Sometimes you just have to put your hands in the air and say “mea culpa” or “you have me sir like a treen in a disabled spaceship”. Ten bonus points to anybody who can tell me where I lifted that quote from. Why the exasperation I hear you cry gentle reader? Well basically I started my novel with an absolute humdinger of an idea, really good, and I’m not just saying that ‘cos it’s good. It really is! But, and it’s a really big but(t) I now realise I made a rookie mistake. Putting plot before character. This is not to say I don’t have characters, some good ones too (as others have kindly said), however due to rank stupidity/ignorance I neglected to establish the clear emotional and physical drivers for my main character Perrin.
Initially this was a conscious decision. I wanted him to be a blank canvas and emerge fully formed at the end of the book as the result of everything that happened to him. In other words the story shapes him and he becomes a real person, ready to deal with life the universe and everything in the next instalment. The problem with this approach in the real world of getting a novel published is that this flies against the accepted formula of creating a character, where you need to establish the physical and emotional drivers that motivate him and the conflict/issue that prevents him/her achieving those goals at the outset. To be honest Perrin has no other goal than surviving his first meeting with Babbage and Herschel. He has no idea what he wants and no idea of the problems facing him. He is naïve, innocent and clueless. OOPS! This is not what the literary world and agents in particular are looking for. They want the emotional hook that drives the hero understood and upfront. Something that will resonate with the reader and make them emotionally engage with the story.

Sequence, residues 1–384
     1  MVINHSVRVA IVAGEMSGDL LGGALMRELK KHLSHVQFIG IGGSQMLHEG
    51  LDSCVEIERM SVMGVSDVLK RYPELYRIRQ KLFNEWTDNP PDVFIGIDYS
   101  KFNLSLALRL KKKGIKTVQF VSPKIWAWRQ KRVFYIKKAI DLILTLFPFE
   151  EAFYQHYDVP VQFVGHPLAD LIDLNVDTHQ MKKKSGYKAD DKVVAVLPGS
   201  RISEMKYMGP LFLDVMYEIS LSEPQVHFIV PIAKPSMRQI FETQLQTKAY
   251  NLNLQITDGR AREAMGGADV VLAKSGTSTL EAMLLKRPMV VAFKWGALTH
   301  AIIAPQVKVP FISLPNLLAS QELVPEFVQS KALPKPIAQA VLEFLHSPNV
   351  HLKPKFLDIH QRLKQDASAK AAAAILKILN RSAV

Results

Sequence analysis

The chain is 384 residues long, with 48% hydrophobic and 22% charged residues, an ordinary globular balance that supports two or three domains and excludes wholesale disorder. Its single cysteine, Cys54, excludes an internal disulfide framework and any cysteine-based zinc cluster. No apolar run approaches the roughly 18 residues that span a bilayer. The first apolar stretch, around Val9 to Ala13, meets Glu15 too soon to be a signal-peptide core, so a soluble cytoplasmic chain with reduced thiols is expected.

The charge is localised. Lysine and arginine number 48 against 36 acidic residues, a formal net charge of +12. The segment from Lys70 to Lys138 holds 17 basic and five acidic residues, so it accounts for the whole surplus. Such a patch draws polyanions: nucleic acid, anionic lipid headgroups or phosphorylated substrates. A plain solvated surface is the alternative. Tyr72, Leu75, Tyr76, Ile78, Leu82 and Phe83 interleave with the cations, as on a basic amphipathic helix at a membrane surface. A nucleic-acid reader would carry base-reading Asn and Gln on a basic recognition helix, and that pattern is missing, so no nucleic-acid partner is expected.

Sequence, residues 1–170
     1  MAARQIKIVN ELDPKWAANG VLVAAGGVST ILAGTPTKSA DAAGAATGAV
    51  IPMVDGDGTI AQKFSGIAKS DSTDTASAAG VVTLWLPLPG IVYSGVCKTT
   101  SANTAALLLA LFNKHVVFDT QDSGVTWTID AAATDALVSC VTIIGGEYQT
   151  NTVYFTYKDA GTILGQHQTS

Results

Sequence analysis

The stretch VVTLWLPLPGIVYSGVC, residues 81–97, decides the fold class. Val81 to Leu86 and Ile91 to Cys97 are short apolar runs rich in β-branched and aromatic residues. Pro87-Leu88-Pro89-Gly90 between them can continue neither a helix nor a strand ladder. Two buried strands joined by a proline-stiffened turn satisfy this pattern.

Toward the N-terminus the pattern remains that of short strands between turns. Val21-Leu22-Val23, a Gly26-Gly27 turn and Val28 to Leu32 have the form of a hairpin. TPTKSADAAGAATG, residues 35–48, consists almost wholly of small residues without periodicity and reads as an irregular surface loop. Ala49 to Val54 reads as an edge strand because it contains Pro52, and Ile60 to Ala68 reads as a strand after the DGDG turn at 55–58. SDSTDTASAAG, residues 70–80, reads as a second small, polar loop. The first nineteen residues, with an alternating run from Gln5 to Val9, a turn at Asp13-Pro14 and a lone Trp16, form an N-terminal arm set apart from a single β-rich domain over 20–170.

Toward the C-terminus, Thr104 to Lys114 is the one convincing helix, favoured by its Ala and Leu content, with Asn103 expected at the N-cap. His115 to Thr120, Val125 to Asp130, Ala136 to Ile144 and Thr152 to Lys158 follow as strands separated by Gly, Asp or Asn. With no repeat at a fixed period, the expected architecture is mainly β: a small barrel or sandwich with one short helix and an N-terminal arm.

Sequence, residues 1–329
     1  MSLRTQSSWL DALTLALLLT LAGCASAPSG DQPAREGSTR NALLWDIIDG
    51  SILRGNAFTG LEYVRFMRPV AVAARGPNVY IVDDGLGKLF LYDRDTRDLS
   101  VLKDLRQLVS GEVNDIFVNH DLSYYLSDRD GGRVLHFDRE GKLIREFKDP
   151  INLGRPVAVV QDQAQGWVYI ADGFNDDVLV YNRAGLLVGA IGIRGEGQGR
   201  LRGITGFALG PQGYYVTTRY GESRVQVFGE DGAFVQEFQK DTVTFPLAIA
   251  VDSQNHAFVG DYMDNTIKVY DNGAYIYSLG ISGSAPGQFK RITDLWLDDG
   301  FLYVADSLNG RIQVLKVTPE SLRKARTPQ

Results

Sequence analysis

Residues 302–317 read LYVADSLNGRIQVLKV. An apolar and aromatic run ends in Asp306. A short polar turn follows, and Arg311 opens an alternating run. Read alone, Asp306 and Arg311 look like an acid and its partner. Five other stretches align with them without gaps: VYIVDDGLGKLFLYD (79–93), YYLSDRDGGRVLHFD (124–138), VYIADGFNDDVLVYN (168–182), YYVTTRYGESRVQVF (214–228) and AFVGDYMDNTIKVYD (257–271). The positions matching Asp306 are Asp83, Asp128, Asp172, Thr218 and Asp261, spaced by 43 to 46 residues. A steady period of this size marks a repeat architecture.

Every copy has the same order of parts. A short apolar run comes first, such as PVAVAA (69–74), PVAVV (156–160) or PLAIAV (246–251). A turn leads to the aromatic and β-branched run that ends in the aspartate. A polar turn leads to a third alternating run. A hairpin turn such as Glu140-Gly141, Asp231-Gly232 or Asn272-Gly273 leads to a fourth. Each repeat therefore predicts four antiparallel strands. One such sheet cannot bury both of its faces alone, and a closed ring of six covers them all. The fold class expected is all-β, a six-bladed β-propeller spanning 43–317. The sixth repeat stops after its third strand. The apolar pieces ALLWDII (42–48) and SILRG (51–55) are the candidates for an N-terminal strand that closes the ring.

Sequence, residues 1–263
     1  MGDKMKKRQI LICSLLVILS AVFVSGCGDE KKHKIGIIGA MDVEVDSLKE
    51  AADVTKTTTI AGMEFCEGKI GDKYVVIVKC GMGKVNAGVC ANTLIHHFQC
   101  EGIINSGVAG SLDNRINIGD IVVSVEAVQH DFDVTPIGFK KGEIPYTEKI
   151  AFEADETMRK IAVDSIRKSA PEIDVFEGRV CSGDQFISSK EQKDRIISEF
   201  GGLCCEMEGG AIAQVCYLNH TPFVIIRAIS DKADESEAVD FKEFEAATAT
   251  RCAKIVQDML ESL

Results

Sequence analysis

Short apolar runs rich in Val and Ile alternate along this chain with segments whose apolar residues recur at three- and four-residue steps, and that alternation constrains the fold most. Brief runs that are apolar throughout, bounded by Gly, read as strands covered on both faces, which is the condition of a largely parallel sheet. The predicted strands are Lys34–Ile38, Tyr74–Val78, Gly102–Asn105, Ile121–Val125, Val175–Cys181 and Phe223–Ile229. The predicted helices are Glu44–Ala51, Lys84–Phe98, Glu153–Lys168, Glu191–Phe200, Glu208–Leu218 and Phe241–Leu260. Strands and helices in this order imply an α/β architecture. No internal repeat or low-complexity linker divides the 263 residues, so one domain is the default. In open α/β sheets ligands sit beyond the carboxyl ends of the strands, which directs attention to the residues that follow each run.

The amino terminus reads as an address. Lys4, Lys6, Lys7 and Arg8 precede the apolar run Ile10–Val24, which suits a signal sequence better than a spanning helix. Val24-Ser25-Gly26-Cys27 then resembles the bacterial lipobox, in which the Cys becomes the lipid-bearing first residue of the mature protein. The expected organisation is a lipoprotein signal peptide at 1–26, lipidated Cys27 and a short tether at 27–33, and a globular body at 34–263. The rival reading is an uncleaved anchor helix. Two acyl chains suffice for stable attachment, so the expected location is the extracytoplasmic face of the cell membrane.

So…..what am I going to do about it? Okay firstly I have signed up for some online training/tutorials on character development with this bunch of miscreants at WritersHQ. Well worth a look. No bullshit no arty farty stuff, just good advice dispensed with a sense of humour and the odd swearword. I am currently doing a course on character development and it has immediately identified where I need to strengthen Perrin’s character and create more of a relationship between him and the reader.
Secondly I have taken the plunge and signed up/paid for some one on one mentoring via the Cornerstones Literary Agency who specialise in helping authors develop their MS and identify potential agents and publishers. This will give me face time with an established author/editor/agent who will work with me to make the MS more appealing/saleable. It’s going to cost me significant money, but WTF if I don’t believe in myself and the book, why should anybody else. At the very least it will help ensure I don’t make the same mistake with the next novel. As always I will let you all know what happens, good bad and indifferent.
See you out there.